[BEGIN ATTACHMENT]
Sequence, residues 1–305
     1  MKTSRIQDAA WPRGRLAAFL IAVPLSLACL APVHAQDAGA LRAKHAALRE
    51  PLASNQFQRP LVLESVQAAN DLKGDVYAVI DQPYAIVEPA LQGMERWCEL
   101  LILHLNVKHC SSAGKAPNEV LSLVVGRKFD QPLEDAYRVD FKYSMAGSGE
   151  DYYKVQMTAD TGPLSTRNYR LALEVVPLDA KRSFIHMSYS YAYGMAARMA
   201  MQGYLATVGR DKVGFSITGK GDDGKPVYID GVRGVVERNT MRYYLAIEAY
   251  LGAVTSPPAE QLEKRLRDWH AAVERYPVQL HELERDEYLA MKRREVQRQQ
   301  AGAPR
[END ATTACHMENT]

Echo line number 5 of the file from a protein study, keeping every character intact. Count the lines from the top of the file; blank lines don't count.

   151  DYYKVQMTAD TGPLSTRNYR LALEVVPLDA KRSFIHMSYS YAYGMAARMA